"The fact that most people don't know how profitable we are, and about the growth that is occurring in our audience, and about our innovation and diversification at the company has been lost in some of the noise," CTMG publisher Tony Hunter says, referring to Tribune's high profile on bankruptcy and management-related scandal. "Diversification of our media group is why we're still thriving," Hunter says. CTMG's total operating cash flow will once again exceed $100 million this year as a result of developing new revenue streams rather than as a consequence of hefty cost reductions or gradual improvement in advertising. The Tribune and the ctmg will continue to move toward a 50/50 split of revenue from print and non-print sources that will increasingly involve live events featuring the company's editorial contributors, premium specialized content and mobile and online transactions.
Overall, the Tribune Co. is hammering out a sustainable new business model for imploding big city newspapers. The CTMG in particular - admittedly still stuck in "Zell hell" - is finding salvation in daily doses of roll-up-your-sleeves investigative journalism and community activism on steroids. The Dec. 9, 2008 "epiphany" was when the company filed for bankruptcy and the Chicago Tribune's front page was an exclusive about then-Illinois-governor Rod Blagojevich allegedly seeking to "sell" the U.S. Senate seat vacated by President-elect Barack Obama. Every day since, the Chicago Tribune's watchdog journalism has exposed the pay-to-play political culture of Illinois.
"A near-death experience can really motivate you," says Gerould Kern, whose 26-month tenure as Chicago Tribune editor ("but who's counting," he quips) has been devoted to calling out political corruption in a state where two governors are behind bars and a third is appealing his conviction. "The two Dec. 9 events galvanized us," Kern says.
Even as the Chicago Tribune's daily investigations have uncovered state college admission-, nursing home-, pension fund- and other government fraud, the company's reputation was "shamefully" damaged by the sexist, bawdy bad-boy behavior of recently resigned Zell-appointed CEO Randy Michaels, says Kern. Kern penned one of his now-famous open letters to readers about the scandal.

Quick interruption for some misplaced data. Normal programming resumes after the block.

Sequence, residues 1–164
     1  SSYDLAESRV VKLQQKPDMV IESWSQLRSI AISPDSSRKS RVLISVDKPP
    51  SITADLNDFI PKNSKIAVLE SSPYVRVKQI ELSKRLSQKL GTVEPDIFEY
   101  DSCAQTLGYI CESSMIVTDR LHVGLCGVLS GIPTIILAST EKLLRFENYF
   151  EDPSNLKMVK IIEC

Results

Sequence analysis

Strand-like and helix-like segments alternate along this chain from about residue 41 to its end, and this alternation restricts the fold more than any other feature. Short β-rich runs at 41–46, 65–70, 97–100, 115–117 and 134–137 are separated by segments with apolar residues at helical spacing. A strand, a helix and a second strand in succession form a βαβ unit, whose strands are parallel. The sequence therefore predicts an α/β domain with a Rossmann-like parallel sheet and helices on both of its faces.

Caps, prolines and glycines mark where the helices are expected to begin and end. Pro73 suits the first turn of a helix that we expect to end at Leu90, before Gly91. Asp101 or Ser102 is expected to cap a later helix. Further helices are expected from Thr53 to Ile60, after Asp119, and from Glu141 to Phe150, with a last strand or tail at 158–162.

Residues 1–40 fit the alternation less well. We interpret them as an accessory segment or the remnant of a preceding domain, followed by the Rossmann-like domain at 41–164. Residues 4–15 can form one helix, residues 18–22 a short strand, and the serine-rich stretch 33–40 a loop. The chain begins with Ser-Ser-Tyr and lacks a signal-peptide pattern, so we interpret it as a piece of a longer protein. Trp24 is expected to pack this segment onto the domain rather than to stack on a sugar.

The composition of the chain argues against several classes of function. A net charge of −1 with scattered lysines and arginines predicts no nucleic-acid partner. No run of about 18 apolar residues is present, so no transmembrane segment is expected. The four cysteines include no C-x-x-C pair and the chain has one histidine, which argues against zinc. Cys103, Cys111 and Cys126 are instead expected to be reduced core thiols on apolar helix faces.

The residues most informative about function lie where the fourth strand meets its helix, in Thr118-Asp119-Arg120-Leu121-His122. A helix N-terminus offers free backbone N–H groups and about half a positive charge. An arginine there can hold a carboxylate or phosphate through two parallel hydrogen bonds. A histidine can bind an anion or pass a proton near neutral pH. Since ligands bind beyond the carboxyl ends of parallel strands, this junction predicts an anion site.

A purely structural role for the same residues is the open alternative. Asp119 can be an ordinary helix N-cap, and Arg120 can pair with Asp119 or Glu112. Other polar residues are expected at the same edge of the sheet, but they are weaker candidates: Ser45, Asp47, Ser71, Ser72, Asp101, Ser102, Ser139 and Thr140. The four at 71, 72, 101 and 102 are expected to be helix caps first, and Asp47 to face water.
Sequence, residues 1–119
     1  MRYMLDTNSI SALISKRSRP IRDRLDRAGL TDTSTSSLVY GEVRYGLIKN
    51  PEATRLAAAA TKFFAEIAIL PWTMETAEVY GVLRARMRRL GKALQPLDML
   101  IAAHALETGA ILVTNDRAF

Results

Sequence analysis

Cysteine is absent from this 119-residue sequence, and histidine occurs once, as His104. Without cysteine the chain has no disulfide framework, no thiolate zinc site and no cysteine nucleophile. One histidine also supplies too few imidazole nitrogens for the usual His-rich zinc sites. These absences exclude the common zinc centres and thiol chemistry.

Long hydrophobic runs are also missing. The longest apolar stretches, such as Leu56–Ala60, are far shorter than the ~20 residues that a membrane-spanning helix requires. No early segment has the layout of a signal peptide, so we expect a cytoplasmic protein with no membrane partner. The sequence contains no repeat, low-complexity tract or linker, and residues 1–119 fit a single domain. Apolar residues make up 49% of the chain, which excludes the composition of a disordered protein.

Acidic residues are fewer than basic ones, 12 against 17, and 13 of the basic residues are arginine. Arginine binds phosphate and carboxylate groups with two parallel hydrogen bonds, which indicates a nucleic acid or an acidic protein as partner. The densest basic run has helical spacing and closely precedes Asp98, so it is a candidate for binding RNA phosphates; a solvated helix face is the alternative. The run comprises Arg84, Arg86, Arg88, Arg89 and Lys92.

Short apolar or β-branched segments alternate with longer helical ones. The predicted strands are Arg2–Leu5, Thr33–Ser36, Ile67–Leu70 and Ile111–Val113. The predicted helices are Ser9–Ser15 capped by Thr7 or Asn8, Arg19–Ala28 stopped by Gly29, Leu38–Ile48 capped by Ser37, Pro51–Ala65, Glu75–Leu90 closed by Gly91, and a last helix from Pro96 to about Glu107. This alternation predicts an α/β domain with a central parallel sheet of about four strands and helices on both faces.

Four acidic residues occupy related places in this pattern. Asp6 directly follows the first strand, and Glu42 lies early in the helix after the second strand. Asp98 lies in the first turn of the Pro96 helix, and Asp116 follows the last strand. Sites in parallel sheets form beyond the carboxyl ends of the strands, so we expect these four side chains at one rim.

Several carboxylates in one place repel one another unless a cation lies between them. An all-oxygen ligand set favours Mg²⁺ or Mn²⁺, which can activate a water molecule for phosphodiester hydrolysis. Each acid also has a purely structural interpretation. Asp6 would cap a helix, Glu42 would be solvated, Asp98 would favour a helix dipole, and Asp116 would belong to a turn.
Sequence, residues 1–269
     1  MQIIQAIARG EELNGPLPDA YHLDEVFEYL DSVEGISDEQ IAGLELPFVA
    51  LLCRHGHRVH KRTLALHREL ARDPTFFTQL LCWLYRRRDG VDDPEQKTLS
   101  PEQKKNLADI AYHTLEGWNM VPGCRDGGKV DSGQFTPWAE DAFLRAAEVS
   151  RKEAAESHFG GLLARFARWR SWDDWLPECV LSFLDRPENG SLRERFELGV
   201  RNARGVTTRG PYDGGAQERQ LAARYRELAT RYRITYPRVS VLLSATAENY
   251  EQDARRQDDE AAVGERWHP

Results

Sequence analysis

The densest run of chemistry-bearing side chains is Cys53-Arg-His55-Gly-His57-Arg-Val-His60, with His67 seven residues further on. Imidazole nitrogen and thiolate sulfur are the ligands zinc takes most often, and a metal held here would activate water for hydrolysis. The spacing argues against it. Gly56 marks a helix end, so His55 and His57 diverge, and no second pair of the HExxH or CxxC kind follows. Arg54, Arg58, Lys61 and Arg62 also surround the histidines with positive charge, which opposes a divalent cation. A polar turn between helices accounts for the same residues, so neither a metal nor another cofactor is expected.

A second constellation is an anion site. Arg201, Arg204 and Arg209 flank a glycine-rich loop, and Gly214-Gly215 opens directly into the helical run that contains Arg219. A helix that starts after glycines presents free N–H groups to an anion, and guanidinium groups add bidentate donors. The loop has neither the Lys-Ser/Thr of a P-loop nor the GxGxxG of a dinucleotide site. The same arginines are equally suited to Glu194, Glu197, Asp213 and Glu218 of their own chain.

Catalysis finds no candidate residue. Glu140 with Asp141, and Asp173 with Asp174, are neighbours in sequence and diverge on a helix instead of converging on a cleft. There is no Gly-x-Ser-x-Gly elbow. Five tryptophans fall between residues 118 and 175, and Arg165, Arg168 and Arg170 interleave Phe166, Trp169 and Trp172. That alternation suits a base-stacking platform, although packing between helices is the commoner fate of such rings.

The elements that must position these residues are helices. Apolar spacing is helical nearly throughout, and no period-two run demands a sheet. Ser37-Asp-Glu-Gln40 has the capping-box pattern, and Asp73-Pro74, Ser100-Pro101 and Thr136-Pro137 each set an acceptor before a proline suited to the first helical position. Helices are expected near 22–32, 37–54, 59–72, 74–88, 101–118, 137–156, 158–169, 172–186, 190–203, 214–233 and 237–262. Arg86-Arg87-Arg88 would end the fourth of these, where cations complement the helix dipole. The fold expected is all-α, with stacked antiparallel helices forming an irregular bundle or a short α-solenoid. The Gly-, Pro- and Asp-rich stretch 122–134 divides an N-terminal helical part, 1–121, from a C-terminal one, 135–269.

A four-man committee overseeing Tribune Co. includes Tony Hunter, Los Angeles Times publisher Eddy Hartenstein (former Directv ceo) and two Zell reorganization appointees. Potential CEO candidates besides Hunter and Hartenstein include Sirius XM Radio CEO Mel Karmazin, Comcast executive Jeff Shell, former CBS CFO Fred Reynolds, and former News Corp. president and COO Peter Chernin, according to press speculation.
Despite being a 19-year Tribune veteran, Kern has been a lightning rod for the public pain and angst that has scarred the company's besieged legions. Critics complain Kern stood up to Michaels' shenanigans only after the scathing New York Times story about the frat house reign that forced his departure. Kern also was caught in the crosshairs of the Chicago Headline Club's public outrage over the culture of offensiveness "that has marginalized women" under Michaels and other Zell cronies. Chicago Tribune staffers in particular say they resent the Times' story and the Headline Club's painting the entire company with the same broad brush.